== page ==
> Step by step
7. Using Soundtoys FilterFreak for sequential shaping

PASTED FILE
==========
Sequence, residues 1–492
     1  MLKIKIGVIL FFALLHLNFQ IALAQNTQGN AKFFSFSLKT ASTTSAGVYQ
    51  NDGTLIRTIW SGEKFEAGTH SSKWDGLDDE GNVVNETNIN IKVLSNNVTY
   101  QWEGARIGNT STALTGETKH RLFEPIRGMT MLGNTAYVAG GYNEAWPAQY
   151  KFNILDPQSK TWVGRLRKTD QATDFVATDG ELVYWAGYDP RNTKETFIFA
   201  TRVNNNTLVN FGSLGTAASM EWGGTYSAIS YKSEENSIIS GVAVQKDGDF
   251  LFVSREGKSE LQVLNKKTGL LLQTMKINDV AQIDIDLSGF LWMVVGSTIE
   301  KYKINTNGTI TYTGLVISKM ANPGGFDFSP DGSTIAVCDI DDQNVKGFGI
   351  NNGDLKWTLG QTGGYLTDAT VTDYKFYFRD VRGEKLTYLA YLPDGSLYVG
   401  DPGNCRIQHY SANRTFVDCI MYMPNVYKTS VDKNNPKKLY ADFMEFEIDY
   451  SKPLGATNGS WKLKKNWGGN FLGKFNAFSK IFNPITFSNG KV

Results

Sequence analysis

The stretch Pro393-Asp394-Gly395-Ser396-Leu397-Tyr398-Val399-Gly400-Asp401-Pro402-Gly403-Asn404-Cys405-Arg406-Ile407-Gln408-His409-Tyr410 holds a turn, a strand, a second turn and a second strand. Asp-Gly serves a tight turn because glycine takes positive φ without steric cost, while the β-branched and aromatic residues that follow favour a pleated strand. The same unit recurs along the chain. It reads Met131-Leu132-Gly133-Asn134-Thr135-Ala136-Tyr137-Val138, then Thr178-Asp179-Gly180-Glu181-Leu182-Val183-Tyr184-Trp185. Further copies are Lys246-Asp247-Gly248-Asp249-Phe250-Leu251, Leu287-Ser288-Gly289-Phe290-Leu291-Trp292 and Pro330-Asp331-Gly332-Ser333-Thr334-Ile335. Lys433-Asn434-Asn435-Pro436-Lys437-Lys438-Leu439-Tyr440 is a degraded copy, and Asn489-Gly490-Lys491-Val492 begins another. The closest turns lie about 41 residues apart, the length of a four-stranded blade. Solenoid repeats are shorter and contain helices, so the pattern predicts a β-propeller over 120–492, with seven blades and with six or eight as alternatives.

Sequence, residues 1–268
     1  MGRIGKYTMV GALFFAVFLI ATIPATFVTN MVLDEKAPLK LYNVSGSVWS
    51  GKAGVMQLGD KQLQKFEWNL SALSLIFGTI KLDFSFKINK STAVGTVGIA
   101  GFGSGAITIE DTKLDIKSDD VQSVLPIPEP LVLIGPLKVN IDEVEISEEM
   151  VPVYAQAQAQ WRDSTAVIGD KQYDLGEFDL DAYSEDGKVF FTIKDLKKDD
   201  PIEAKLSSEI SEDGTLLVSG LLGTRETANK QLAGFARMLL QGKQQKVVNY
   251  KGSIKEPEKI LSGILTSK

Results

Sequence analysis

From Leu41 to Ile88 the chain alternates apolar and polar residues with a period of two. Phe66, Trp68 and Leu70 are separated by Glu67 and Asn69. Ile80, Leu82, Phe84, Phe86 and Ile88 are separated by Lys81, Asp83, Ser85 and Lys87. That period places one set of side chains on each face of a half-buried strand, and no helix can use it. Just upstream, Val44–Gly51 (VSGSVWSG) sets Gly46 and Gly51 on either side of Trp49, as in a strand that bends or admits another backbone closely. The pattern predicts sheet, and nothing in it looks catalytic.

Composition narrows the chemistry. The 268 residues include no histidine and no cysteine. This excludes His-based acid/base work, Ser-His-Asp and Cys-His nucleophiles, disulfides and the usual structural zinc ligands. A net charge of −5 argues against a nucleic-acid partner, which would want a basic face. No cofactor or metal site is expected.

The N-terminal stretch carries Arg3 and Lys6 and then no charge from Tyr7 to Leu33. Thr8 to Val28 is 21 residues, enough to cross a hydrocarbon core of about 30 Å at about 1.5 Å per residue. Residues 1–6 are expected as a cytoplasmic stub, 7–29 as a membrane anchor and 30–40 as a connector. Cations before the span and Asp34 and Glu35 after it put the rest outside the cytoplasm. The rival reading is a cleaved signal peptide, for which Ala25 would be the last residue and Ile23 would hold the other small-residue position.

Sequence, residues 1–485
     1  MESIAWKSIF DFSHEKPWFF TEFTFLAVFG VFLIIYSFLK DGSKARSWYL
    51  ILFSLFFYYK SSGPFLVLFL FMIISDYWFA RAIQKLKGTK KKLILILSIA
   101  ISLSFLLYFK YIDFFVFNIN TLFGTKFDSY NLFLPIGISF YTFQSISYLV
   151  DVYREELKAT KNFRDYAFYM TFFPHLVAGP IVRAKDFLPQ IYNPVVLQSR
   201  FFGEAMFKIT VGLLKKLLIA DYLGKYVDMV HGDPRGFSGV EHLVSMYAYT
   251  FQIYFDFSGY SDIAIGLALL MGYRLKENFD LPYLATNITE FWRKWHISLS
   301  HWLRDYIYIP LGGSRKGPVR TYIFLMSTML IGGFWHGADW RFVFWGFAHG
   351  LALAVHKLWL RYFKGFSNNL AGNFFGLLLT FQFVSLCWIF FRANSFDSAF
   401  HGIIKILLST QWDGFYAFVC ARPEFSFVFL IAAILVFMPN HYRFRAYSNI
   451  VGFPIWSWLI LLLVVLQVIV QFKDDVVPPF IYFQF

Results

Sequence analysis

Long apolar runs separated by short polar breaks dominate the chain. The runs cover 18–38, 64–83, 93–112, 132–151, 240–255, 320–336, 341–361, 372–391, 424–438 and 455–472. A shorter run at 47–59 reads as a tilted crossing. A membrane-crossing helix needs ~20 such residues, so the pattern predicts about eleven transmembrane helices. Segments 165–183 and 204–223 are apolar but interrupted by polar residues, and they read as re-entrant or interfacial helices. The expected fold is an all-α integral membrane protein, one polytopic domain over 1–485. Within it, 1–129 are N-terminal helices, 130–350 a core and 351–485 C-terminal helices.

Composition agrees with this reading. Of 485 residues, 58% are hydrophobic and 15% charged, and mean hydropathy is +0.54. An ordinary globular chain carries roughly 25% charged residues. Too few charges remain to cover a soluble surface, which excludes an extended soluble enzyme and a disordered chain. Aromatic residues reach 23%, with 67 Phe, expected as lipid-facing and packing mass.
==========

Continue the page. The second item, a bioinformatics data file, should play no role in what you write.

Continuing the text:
1 A great filter can turn a static sound into something far more interesting. Case in point: Soundtoys FilterFreak, a powerhouse of sequential shaping. Let’s take a look. Here, we’ve got a simple twochord progression made using Korg’s M1 synthesiser. It’s not too exciting, but it doesn’t need to be if we’ve got FilterFreak! 2 Let’s drag an instance of FilterFreak1 onto our track. It doesn’t make much of a dent at first. Let’s switch the number of Poles to 4 for a more Moog-like ladder filter sound. Next, we’ll reduce the Frequency knob position to around 11 o’clock for a muted tone, then we’ll set the Mod knob to around 2 o’clock. 3 We can hear the results immediately. The middle section is where basic modulation duties are handled. Currently, the modulation source is an Envelope. Let’s use the dropdown menu to select Rhythm instead. The Rhythm Shape is currently set to Sine. Let’s choose RampDown, instead. Dramatic! 4 We’ll now change the Rhythm from 1/4 notes to 1/16 notes for a faster pulse. The clicking is distracting, so let’s reduce both Frequency and Mod a little for a less aggressive effect. That’s quite a bit nicer. Now click the Tweak button to dig a little deeper… 5 Clicking in the Rhythm Editor allows us to mute steps and create some interesting rhythms on the grid. We can also change the response Mode. We’ll choose Exponential. Let’s reduce the Smoothing value a little. Our plain pad is now a lively rhythmic sequence!